About E. coli

From the nation’s leading law firm representing victims of E. coli and other foodborne illness outbreaks.

About E. coli Blog

Bellevue E. coli cases reported

The Seattle Times reports that James Apa, spokesman for Public Health in Seattle & King County, says the outbreak of E. coli that sickened patients in a Bellevue nursing home has ended.
Four of the 14 tested positive for the strain of E. coli implicated in the outbreak. One woman died, but did not test positive for E. coli.
So far, health officials haven’t found a source for the E. coli.
Another investigation is looking at eight E. coli cases in different counties, including 4 at a Olive Garden restaurant in King County.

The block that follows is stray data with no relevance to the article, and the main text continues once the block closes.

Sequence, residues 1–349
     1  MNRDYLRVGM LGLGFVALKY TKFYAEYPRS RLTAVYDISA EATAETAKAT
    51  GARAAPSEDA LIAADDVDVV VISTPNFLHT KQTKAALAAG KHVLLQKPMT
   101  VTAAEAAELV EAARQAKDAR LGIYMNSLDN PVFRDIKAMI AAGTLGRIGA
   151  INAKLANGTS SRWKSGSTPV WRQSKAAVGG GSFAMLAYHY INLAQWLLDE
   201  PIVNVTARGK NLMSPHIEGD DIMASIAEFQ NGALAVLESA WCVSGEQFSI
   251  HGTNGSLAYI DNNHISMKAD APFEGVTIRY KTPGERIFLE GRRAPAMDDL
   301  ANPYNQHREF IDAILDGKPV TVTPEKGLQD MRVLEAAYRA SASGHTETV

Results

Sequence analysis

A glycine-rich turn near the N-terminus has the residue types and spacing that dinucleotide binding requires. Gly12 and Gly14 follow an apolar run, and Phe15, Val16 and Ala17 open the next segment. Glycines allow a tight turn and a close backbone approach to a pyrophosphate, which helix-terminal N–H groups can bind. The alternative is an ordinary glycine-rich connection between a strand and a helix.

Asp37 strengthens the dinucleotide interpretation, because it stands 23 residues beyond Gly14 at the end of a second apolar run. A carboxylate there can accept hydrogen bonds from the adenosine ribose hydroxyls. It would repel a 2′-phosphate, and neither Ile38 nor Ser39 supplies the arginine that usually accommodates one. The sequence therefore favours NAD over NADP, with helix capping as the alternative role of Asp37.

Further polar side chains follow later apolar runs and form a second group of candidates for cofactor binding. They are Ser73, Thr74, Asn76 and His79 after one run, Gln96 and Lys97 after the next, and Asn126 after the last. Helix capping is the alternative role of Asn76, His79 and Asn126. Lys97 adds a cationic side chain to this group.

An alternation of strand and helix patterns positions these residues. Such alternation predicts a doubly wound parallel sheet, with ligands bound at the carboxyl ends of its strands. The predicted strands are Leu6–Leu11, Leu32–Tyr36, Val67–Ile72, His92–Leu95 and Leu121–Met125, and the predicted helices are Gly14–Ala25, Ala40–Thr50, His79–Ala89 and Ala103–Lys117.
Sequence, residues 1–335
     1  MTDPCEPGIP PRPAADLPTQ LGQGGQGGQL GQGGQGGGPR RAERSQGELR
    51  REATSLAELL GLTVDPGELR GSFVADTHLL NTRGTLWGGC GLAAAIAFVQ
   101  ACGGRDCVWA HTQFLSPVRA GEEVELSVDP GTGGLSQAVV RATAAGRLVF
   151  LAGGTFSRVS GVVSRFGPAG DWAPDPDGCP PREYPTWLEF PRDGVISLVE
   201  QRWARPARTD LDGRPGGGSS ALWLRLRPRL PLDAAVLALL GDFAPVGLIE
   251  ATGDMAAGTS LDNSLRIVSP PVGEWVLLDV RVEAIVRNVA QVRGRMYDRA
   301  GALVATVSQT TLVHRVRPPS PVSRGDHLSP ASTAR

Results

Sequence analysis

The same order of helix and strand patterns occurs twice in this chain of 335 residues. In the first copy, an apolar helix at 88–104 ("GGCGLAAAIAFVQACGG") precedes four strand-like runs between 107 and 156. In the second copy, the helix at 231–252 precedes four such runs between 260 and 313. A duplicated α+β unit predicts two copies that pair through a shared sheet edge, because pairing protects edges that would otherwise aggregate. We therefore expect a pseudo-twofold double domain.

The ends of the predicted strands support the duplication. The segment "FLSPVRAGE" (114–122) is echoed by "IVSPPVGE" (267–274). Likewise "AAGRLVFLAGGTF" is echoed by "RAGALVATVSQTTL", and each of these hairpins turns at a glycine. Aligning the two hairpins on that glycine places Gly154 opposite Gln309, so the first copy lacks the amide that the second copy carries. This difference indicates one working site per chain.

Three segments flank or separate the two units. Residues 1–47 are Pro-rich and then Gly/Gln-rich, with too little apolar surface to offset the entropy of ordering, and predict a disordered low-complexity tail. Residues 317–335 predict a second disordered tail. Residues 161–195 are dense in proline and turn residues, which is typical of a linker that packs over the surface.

There are between 150 and 300 cases each year of E. coli O157:H7, the common strain in outbreaks. E. coli live in the intestines of cattle, so anything that comes into contact with cow manure can harbor the bacteria. In the past, ground beef has been the most commonly contaminated food.
Outbreaks have also occurred in people who have consumed garden vegetables fertilized with animal manure, unpasteurized apple cider and home-made venison jerky. Some cases recently were linked to contaminated swimming water and petting farms.
Recent cases seem to indicate more problems with pre-washed, packaged lettuce and other vegetables. Investigations reveal the problem is contaminated irrigation water sprayed onto the vegetables.

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